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2nd Offshore Tax Amnesty Announced

Newsletter Issue - September 2009

If you live in the UK you should declare on your UK tax return all of the interest you receive from investments and deposit accounts situated anywhere in the world. This applies even if you don't transfer that income into the UK. Individuals who have non-domicile status (normally not born in the UK), can apply to use what is called the 'remittance basis', and in those few cases the off-shore interest does not have to be included on their UK tax returns if it remains outside of the UK.

The Taxman has a campaign to track down everyone who has held an offshore bank account or investment, and who has not reported the income as they were required to do so. A larger number of foreign banks, including the most secretive banks in Liechtenstein, have been forced to provide lists of account holders to the UK Tax Office. The accounts on this list include trustee accounts, bond accounts and all types of current and investment accounts.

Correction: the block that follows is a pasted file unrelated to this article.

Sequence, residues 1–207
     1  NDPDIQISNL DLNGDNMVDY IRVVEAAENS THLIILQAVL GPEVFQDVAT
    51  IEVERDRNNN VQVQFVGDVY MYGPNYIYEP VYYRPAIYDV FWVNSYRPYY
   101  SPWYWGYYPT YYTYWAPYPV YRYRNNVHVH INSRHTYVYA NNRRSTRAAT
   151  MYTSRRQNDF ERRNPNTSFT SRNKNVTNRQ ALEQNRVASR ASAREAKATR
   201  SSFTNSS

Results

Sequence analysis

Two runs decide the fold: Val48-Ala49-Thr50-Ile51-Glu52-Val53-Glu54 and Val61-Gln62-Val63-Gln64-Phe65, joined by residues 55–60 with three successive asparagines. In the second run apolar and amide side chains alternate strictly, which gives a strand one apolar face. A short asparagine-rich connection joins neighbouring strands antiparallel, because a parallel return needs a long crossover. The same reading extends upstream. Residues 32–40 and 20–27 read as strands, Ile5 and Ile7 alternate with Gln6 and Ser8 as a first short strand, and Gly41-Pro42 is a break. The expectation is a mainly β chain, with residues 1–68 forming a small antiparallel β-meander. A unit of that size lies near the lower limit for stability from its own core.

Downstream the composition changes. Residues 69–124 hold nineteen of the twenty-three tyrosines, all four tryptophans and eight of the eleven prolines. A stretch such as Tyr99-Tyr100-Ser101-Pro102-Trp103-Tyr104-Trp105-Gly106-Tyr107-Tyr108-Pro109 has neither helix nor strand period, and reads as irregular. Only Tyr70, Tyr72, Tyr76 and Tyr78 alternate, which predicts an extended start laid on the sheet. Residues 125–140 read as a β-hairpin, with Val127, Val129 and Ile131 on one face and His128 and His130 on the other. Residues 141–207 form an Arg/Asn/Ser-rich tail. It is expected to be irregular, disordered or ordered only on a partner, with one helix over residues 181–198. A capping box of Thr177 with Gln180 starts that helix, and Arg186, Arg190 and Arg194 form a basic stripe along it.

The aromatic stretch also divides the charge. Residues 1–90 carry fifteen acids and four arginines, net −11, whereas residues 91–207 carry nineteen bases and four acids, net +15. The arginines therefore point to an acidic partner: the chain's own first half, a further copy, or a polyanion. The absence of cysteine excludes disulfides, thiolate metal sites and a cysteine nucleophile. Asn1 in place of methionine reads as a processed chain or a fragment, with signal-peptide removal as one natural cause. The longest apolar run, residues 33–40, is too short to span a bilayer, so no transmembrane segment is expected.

Banks are required to provide the dates for which the account was open, the name and date of birth of the account holder, the balance at 31 March each year, and detailed transactional information for certain periods.

If you had an offshore bank account at some point in the past, which you forgot to include on your tax return, now is the best time to correct this, voluntary disclosure will result in a penalty of 10% of the tax compared to up to 100% if the HMRC unearth the amount through its own enquiries.

HMRC will also be looking for tax on the underlying capital where that came from an undeclared taxable source.

We can help you with this, but you must notify HMRC by 30 November 2009 of your intention to make a disclosure, and the full declaration must be submitted by 12 March 2010.

If you use this time to come clean to the Taxman, you still have to pay all of the tax and interest due, but the penalty for failure to disclose in earlier years will be limited to 10%. However where the bank was a branch of one of the main UK banks the penalty may be 20%, as you could have disclosed this interest two years ago, under a similar scheme that ran in 2007. In normal circumstances the penalty can be up to 100%!

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